As I stood out of my bedroom window into the dark silence of the night, I felt the moon looking at me brightly and mocking at me. It was saying to me that, in the next few hours, it knows what's gonna happen to it; it knows that, in 15 days, the sky that it dominates at night is going to miss it. Whereas me, I don't even know what I'll go through the next minute, let alone the next 30 days!
And here I am, in this big disastrous world of Engineering, walking on a tight rope with each passing day holding surprises. Surprises, we can handle, but uncertainty?
Before you all wonder what on earth is it I'm talking about, let me enlighten you. We do not know what tomorrow brings, nor can we predict our next 10-year life schedule. But we can plan it. And that, my friends, is my 'point'. Like I said before, you may not know exactly what happens on a Monday morning, but you do have an idea that you will be up that morning, cursing the weekdays and IST system in general, brush your teeth with sleepy eyes, dress up with some difficulty and dash out with a sandwich in your hand to catch the College Bus, for which you're already late (this is just an example of my typical Monday morning). So when you can foretell how to go through your early morning blues, isn't it possible to plan your life in the same way??
Four years in Engineering, work your brains off and you're done. That's what all our lecturers are advising us now (I specifically remember my Chemistry lecturer of 11th std, saying, 'Work hard for 2 years my dear students, and you're settled). Give me a break.
Anyway, what I'm trying to say is, now, even with the prospect of facing the aggressive, competitive world out there; we are like wild, carefree birds, not giving a damn about the future. When it comes to deciding the tomorrow after Engineering, most of us can see nothing but a huge bold question mark. A job, maybe. If you don't get one, then? Dunno, no idea. Blank looks. I may still have one and half year to think all that, but believe me, I've been there. One experience is more than enough for a lifetime. The dilemma is applicable not just for professional courses but others as well.
I doubt if anyone of us can forget the indecisive torture we all went through while choosing our respective branches before joining any college.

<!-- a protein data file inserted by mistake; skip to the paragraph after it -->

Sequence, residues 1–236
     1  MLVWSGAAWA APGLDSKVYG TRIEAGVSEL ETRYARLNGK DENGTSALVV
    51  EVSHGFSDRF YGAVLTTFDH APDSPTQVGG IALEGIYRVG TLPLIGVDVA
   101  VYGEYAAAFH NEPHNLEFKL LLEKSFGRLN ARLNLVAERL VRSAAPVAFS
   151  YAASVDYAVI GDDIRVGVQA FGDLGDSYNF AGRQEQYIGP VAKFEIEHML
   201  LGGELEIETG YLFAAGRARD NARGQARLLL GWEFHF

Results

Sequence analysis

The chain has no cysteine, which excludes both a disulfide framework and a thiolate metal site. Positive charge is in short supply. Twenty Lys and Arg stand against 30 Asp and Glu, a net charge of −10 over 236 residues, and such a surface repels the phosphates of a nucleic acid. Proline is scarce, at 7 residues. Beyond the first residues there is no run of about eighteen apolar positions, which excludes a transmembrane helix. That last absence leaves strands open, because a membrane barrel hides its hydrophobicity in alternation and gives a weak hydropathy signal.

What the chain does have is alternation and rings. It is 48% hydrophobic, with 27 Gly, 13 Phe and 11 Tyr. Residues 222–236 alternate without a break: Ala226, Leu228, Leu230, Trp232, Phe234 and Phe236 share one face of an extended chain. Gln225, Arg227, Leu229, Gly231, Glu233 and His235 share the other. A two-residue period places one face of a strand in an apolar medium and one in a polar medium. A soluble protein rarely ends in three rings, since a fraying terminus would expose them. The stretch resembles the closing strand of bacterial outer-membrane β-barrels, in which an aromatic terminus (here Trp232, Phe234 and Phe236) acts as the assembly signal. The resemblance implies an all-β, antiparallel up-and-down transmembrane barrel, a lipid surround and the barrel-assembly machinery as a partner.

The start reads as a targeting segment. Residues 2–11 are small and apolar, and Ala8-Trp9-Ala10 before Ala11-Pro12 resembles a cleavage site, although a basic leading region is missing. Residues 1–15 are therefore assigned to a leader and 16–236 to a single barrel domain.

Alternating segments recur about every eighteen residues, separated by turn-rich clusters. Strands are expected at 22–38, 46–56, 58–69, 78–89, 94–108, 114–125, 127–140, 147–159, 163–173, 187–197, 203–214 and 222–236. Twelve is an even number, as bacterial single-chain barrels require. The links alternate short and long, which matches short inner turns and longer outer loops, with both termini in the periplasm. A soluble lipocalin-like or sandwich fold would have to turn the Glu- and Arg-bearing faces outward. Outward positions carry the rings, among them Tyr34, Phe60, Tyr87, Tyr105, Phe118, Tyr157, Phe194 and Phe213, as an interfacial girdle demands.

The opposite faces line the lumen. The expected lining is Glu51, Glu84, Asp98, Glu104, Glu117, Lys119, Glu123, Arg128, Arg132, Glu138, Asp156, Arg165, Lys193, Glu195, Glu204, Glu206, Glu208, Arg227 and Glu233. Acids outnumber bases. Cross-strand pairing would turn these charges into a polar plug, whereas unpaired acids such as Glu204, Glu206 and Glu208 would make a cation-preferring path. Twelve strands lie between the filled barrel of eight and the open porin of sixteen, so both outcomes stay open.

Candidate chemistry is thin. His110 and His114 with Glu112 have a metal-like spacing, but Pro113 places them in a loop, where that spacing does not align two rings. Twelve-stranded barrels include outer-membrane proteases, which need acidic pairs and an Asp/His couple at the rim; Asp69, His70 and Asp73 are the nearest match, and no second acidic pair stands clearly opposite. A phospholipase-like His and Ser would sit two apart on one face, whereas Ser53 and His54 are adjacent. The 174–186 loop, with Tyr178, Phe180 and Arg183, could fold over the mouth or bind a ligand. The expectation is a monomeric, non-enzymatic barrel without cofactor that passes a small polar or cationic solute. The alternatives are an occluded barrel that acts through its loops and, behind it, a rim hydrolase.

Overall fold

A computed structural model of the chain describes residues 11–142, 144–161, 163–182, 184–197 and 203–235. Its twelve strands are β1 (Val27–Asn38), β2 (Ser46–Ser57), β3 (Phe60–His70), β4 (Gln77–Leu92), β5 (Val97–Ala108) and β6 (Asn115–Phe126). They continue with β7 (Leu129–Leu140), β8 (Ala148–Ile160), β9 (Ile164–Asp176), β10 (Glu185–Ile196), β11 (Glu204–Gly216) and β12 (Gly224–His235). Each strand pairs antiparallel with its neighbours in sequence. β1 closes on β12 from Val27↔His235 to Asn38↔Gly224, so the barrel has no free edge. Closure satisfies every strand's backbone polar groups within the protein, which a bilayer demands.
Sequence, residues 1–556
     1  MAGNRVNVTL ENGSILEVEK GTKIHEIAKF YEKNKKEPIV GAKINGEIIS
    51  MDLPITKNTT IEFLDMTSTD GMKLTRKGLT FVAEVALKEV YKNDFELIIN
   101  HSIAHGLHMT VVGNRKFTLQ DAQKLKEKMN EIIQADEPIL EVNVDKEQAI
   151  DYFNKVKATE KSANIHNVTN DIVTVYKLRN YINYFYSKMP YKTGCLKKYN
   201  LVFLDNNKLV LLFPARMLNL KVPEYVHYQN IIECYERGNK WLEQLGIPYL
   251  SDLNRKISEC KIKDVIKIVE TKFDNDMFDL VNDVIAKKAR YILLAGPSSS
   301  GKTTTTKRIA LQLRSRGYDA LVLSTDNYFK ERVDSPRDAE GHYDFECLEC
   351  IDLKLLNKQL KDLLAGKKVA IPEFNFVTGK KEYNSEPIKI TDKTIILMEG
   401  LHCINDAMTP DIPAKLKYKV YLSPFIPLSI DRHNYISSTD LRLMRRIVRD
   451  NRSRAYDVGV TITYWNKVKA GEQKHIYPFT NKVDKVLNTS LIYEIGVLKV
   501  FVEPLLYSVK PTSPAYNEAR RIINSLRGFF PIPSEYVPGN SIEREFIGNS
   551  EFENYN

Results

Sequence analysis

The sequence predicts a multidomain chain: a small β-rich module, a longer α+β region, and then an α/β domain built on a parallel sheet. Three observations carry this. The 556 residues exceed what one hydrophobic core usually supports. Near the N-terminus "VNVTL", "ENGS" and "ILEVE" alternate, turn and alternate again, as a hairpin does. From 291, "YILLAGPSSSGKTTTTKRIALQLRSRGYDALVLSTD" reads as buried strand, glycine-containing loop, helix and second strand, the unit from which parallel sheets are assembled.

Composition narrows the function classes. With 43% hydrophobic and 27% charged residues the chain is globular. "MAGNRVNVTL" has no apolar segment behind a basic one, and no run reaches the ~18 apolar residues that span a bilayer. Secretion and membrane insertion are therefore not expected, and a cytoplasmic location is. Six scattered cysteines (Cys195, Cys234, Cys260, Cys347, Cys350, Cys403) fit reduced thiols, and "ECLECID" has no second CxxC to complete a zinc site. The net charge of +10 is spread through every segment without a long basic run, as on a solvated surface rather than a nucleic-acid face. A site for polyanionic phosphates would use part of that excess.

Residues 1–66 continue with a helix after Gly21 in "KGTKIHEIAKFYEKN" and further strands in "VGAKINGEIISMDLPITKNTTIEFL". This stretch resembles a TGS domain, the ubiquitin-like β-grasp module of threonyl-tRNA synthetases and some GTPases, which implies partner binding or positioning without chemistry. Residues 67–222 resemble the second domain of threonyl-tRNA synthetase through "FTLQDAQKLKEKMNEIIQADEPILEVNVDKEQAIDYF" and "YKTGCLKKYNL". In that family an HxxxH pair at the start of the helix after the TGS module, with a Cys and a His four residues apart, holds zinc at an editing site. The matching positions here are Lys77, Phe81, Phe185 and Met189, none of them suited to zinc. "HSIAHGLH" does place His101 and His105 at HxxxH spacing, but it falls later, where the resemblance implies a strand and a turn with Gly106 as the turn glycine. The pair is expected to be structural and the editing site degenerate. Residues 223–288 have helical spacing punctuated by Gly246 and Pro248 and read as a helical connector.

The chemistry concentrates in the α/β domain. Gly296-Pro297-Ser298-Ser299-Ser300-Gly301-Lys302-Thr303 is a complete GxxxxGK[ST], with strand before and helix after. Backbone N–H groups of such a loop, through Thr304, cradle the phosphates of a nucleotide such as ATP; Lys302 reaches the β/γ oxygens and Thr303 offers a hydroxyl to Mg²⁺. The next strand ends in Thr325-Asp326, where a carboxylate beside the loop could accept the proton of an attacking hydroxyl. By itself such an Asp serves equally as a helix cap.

Mechanical and Engineering? "Naah, that's not me"
Electronics Engineering? "Hmmmm No thanks!"
CS and Engineering? "I hate programs!"
& so on it goes.
These are not facts but just the response and opinions some people have while scanning dozens of leaflets which claim praise over various courses and colleges.
So the secret lies in starting from now, ie, from the beginning. Too late for me, so this is for the juniors. I know most of us are too unperturbed to do that but that's the essential truth. Let a firm goal guide us, then when it comes down to making a life altering decision, make wise one.
I have a friend who had taken a course because he 'kind of liked' the subject. 3 years hence now, he has no idea what to do next. I hear him changing his mind everyday. Problem was, he didn't take the time to think about his future. Of course, no use of us thinking this as we have already landed in a professional college!
Be it IIT, MS in the United States, The Electronic City, NITK or MIT or etc, etc., the point is to know what you are doing. At least then you won't regret it the way my friend is doing right now.
Many wanted to reach out to the Sun, but only one man wanted it badly enough to show us all what's there on it without reaching out to it. Through satellites. A tremendous achievement, I would say. So being the elite engineering students that we are, we must be an inspiration to both ourselves and others, just like that man who gave us the knowledge about the Sun.
And last, that is if most of you haven't already slept reading this article, there's a lot of space in the top room called SUCCESS. Everyone has a right for a presence in that room.
About Author / Additional Info: